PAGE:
There is much merit to Assemblywoman Marian W. La Follette's plan to sever the San Fernando Valley from the Los Angeles Unified School District.
The task force she appointed appears to have been quite thorough in traveling around the district speaking to black, Latino and many different ethnic groups' parents.
Something is missing, however, from this investigation and from the responses by the school board. Nowhere do I see anyone making a concerted effort to talk to the children. It is, after all, the children who are most directly affected.
I also find it interesting that some former school board members come to task force meetings and complain about segregation if the school district is broken up. There is nothing to stop the San Fernando Valley from integrating its own unified school district. I strongly suggest that these persons who are concerned about the breakup of the system be asked where their children attended school. We complain, as citizens of the city of Los Angeles and as residents of the San Fernando Valley, about gang problems, specifically an increase of more than 250% in the last year.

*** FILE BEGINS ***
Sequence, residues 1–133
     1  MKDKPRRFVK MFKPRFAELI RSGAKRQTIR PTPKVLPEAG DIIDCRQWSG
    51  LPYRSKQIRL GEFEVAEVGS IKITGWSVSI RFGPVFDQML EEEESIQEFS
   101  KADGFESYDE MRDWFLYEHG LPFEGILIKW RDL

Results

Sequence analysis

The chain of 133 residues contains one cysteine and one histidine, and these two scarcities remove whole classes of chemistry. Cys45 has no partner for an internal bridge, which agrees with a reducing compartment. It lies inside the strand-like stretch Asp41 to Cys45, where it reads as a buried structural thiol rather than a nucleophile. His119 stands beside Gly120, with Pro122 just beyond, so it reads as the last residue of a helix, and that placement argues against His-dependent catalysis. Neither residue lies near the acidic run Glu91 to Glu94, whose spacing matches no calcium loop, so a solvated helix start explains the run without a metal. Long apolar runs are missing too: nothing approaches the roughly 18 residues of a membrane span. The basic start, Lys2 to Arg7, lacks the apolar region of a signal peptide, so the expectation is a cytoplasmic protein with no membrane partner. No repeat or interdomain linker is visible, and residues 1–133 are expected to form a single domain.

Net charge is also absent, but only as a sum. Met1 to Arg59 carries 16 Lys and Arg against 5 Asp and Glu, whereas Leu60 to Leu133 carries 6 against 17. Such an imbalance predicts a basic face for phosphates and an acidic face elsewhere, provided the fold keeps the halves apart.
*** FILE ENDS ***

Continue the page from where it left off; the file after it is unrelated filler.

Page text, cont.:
As one intimately involved in the Juvenile Court system, I have specific knowledge that many youths who are in fact gang members are constantly being placed on buses and bused into the San Fernando Valley. I further find it interesting to note that San Fernando Valley gang members are never placed on a school bus and bused out of the San Fernando Valley.
Therefore, I respectfully suggest that there are many questions that need to be answered, and that perhaps these questions are being asked of the wrong people.
JACK J. GOLD
Gold is a Los Angeles Juvenile Court commissioner.